We all love a bit of etymology, don't we?  Like this, for example:


Middle English ethimologie, from Anglo-French, from Latin etymologia, from Greek, from etymon + –logialogy
1398, from Gk. etymologia, from etymon 'true sense' (neut. of etymos 'true', related to eteos 'true') + logos 'word'.

Or here's another pertinent one:


Middle French carriere, from Old Occitan carriera 'street', from Medieval Latin carraria 'road for vehicles', from Latin carrus 'car'.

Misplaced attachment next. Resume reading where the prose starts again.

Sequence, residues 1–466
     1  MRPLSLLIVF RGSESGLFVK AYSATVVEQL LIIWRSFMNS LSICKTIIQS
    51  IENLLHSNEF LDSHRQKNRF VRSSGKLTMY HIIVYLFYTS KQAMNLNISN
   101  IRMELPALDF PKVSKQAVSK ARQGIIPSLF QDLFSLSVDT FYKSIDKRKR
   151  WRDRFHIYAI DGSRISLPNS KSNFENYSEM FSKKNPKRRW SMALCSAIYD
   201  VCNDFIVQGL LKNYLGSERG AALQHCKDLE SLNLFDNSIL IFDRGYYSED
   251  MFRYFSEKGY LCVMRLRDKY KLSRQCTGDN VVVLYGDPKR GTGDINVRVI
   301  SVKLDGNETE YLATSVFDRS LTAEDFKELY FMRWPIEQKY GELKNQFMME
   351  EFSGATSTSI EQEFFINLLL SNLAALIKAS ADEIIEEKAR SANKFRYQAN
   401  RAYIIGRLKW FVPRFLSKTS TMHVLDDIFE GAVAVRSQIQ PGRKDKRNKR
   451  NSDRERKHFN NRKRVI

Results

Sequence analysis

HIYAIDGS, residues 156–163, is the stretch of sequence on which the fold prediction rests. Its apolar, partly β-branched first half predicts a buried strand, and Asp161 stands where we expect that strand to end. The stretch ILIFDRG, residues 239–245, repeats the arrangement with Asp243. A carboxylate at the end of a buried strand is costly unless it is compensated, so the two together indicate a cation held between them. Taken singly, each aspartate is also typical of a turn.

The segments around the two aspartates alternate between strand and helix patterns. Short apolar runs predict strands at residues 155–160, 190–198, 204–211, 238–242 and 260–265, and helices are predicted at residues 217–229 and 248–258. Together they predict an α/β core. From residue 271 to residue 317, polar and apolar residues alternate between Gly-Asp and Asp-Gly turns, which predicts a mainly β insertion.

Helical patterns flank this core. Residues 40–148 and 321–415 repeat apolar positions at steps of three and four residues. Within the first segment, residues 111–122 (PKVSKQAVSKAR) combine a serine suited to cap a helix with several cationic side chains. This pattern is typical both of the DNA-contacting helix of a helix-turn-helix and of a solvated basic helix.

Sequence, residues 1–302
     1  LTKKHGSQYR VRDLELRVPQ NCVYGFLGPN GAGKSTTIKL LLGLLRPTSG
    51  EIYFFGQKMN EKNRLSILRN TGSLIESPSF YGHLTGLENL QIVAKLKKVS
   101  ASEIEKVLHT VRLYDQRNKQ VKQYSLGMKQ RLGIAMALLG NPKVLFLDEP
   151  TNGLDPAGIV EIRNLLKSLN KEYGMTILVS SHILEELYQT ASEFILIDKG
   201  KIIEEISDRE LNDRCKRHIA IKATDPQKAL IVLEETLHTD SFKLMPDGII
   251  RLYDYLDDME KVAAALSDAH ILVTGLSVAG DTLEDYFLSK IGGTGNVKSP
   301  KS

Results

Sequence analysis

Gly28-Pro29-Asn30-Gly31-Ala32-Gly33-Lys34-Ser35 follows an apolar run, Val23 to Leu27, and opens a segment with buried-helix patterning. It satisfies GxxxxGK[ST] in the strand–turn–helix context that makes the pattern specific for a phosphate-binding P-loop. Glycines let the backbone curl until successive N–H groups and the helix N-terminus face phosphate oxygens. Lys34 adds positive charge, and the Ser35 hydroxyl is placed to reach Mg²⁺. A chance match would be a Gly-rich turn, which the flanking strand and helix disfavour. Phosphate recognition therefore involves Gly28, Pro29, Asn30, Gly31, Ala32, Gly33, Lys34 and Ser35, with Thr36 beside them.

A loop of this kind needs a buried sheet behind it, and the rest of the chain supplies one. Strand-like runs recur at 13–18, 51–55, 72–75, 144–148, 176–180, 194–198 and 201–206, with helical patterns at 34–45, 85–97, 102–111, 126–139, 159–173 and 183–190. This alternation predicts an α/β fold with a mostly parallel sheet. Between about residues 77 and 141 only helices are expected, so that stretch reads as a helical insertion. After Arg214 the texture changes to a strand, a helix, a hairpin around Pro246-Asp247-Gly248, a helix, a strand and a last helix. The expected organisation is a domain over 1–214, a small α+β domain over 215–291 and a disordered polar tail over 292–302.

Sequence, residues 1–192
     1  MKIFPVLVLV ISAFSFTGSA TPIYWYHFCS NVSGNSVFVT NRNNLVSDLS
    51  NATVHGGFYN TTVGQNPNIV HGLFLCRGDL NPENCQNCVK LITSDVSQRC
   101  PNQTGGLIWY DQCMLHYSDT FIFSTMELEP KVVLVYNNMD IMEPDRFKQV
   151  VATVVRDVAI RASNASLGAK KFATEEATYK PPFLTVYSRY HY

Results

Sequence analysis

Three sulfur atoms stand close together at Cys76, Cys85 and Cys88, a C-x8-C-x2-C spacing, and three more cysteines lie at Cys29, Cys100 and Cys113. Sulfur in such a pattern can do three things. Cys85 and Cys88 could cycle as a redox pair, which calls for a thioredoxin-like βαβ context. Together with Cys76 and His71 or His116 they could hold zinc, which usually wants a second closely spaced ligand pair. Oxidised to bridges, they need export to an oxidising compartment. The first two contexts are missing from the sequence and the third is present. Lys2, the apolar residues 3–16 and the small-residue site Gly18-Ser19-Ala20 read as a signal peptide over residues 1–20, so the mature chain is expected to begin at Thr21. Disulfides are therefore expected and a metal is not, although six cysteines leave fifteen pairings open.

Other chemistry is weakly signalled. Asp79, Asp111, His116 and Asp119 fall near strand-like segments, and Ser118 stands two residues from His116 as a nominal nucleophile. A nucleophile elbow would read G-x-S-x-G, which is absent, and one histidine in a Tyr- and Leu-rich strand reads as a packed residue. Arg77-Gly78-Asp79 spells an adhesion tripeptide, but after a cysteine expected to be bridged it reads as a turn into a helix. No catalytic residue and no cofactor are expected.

c.1534, 'a running course' (especially of the sun, etc., across the sky), from M.Fr. carriere 'road, racecourse,' from O.Prov. carriera, from V.L. *(via) cararia 'carriage (road), track for wheeled vehicles,' from L. carrus 'chariot'. Sense of 'course of a working life' first attested 1803.

So, we may conclude that, in the olden days (ie. pre-Industrial Revolution), people just sort of trundled along – there was no need of a word to describe 'a vocational choice, consuming one's working life' cos life just didn't work like that.  It's only since 1803 that we've had to have this word, which I find quite a shame.  I prefer trundling.


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